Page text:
At a young age, a girl from Srinagar translated the poetry of Habba Khatoon into English which earned her praise in Kashmir’s literary circles. Khazran Khan profiles the writer.
Reviving Habba Khatoon’s Poetry
“Laale gati manz tsong zaajaanai, Baale roodus na hosh
Tsu chhaham shama, bu chhas parvaanai, Chhaav myaany daanai posh)
(Lost in her world of dreams, Laila, Lit her lamp in the dark!
I am the moth and you, my lamp! Enjoy my pomegranate blossoms)
Soliha Shabir, 23, from Dalgate, has become a renowned figure in Kashmir’s literary circles after she became the first Indian writer to recreate the poetry of Habba Khatoon in English. ZOON is one of her most significant accomplishments, and the book has touched the heights of success in a short period.
Soliha started writing in 9th class with the aim to share her feelings with paper as she also believes that ‘paper has more patience than people. Having no companion to share her feelings with, she thought of giving her concealed emotions a shape in the form of words. Soliha did her schooling at Minto Circle and graduated from Islamia College of Science and Commerce.
“Currently, I’m pursuing my Master’s in English Literature from IGNOU. I switched from Science to Arts to improve my writings and eradicate the errors in my write-ups,” she said.
With medical stream as her professional background, Soliha bid farewell to her writings after being pressurized by her parents. As she was a diligent student, they didn’t want her to get distracted by writing. Despite that, destiny created pathways for her to join writing again and relive the legendary words of Habba Khatoon – one of Kashmir’s most influential poets.
On leaving her passion, she said: “I got selected in a college outside Kashmir, but my parents didn’t allow me. This disturbed me emotionally, and I got disheartened and depressed because I had to leave my passion for my professional career. It was tough for me to handle myself.”
Soliha is an ardent lover of Habba, and she considers ZOON as her most significant achievement. Though ZOON is a small book with 200 pages, it took her a lot of effort to complete it.
Since she didn’t find any contentment and motivation in her professional field, Soliha decided to follow her passion again. Back in her elements, she authored two books – ‘In the Lawn Of Dark and ‘Obsolete.’ As a writer, she always emphasises how to contribute to the development of Kashmir’s culture. With a vision of uplifting her culture, she came up with the concept of ZOON.
“I have read about Habba Khatoon, did many skits and plays on her, and could easily relate to her life as I strongly believe that we were cast in the same mould. For me, her poetry was so resembling and captivating that I made up my mind to put extra effort into uplifting her poetry through my words. Many situations that prevailed in my life were relevant to Habba Khatoon’s agony,” she said.
Soliha is an ardent lover of Habba, and she considers ZOON as her biggest achievement. Though ZOON is a small book with 200 pages, it took her a lot of effort to complete it. She struggled a lot while gathering the content of Habba Khatoon and translating them into English. There was non-availability of sources related to Habba Khatoon and no guidance from the learned cohort.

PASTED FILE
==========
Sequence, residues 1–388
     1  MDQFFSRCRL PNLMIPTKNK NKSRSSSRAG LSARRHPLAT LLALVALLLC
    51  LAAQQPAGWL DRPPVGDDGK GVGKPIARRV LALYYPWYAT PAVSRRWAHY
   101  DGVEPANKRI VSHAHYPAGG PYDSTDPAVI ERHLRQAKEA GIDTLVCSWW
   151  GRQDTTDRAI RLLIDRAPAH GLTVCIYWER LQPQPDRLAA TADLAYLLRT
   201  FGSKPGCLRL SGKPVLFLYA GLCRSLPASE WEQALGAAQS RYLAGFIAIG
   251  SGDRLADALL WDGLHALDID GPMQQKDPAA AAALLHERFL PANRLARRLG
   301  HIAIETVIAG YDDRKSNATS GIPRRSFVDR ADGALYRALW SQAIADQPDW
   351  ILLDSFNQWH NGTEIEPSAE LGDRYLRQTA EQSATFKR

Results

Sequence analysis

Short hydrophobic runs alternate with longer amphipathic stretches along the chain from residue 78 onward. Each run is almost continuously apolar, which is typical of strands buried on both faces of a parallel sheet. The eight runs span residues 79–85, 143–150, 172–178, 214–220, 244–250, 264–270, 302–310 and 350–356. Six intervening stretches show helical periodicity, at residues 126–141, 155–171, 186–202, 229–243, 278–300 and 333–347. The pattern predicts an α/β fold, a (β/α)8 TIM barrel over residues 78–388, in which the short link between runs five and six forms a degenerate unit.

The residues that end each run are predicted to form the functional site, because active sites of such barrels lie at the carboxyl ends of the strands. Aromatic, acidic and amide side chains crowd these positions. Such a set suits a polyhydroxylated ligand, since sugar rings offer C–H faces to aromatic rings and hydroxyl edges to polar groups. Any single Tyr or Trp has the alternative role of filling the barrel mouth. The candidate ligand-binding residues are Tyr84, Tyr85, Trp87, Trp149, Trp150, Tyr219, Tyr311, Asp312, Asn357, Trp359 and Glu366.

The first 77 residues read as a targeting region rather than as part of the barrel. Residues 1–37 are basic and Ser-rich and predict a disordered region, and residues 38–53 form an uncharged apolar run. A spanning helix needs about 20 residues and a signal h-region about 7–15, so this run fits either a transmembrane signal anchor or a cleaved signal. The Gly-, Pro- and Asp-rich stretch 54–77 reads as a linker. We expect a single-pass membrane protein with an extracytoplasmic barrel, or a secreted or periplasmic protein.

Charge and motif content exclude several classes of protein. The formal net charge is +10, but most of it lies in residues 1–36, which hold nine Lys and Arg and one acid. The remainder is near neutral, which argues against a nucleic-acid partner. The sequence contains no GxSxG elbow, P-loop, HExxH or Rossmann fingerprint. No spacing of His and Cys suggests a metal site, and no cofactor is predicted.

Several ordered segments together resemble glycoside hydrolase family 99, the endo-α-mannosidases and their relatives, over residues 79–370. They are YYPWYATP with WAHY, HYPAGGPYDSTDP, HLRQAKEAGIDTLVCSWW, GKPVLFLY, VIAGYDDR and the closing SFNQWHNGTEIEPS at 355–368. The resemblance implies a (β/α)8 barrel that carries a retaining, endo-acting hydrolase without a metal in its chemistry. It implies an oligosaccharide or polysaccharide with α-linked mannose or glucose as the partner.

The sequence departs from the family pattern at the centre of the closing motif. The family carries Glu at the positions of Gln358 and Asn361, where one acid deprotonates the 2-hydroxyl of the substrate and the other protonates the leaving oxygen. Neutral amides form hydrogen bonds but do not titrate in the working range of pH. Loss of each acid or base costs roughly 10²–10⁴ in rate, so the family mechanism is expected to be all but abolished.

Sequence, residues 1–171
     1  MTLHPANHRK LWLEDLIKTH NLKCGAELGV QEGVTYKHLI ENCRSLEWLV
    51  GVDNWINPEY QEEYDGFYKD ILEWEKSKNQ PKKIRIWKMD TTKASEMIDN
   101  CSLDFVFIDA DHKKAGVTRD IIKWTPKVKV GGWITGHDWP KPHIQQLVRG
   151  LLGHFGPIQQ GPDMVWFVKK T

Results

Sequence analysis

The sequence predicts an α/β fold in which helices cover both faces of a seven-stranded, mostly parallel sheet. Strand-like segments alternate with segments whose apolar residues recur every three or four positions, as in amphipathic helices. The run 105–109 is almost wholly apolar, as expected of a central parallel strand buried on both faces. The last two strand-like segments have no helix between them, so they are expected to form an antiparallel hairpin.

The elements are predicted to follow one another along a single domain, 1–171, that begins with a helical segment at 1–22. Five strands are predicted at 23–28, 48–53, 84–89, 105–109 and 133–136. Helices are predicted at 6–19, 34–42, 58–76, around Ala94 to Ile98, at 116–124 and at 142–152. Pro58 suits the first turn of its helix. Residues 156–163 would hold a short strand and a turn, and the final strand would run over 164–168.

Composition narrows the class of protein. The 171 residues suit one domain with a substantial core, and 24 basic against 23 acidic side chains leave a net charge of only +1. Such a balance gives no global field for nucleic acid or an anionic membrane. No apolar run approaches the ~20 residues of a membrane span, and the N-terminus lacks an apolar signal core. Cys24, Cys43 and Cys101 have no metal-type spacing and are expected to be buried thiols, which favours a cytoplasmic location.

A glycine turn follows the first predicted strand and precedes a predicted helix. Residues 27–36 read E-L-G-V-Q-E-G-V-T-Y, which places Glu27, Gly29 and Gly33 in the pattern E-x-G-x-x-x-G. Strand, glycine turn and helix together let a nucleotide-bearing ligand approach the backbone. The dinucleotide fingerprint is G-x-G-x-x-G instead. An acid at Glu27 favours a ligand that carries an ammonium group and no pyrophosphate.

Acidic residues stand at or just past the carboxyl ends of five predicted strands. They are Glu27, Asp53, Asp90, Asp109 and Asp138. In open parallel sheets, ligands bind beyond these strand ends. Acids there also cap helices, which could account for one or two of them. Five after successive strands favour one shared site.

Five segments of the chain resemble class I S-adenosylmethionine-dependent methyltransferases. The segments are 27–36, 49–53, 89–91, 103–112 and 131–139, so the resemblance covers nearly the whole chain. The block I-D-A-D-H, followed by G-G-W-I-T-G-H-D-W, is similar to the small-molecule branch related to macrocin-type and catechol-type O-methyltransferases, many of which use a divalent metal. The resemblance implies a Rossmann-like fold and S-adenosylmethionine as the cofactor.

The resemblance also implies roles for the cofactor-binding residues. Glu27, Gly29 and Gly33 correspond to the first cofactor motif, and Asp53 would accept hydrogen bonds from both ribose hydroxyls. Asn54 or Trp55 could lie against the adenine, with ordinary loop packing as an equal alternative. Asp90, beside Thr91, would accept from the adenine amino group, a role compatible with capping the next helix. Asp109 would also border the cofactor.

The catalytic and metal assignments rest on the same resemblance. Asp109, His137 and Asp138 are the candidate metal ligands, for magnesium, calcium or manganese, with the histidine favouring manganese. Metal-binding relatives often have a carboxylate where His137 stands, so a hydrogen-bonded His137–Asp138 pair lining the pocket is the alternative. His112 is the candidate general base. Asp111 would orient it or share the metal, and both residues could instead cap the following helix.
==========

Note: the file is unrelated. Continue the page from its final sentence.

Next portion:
Except Zareef Ahmad Zareef, who is himself an adept Kashmiri poet, no one came forward for her guidance while she was revising ZOON. Soliha brought to light the saddest yet most miserable part of teachers that she approached by saying :
“I approached a majority of professors working at Kashmir University for proofreading my work. I mentioned to them about its completion, but all of them gave a cold shoulder to my request. None of them helped me. To complete ZOON was like biting the bullet with negligible material and no guidance.”
Soliha recalls how she decoded Habba’s poetry by listening to her folk songs repeatedly while consulting art academics. At this point, she made acquaintance with Shah Mohsin, admin of Adorable Faces Of Kashmir – one of the top-notch platforms on social media that promotes young talent. Mohsin introduced her to Saba Bhat, CEO of Guide Professionals, who launched her book ZOON and provided immense support to her.
“I was lucky that I got to meet the three most important people in my life who always were supportive and encouraging throughout my journey. I want to express my gratitude to my dear friends Davar, Mohsin, and Saba for always being there for me,” she said.
Soliha received a lot of appreciation for ZOON, while few also criticised the work. She feels blessed to receive admiration from people around her. Appreciation and criticism have been core factors in keeping her motivated.
“Life is always full of hurdles, and we can’t avoid them. Everything is already destined. And nothing goes smoothly. I strongly believe that to shine like gold, we have to pass the test of fire,” she said.
Soliha pointed out that she wants people to remember her as one of the contributors to promoting Kashmiri culture through her words.
One of the couplets from Soliha’s ZOON goes like this.
“I am resting in grave, counting breaths,
searching and seeking you, every path closed,
Like an unbaked clay, I melt with tears,
Ablaze my nights with your shadows.
Bid me bye before your forever,
Quench my heart, you satisfied never.
Come, O companion, let’s smell the dandelions,
Let’s write once again the messages of love.
See how restless I’m in the oppressed world,
Take me like you have touched a child.
Because I’m no girl of the homes here,
All I had was your heart to live.”
The author can be reached at [email protected]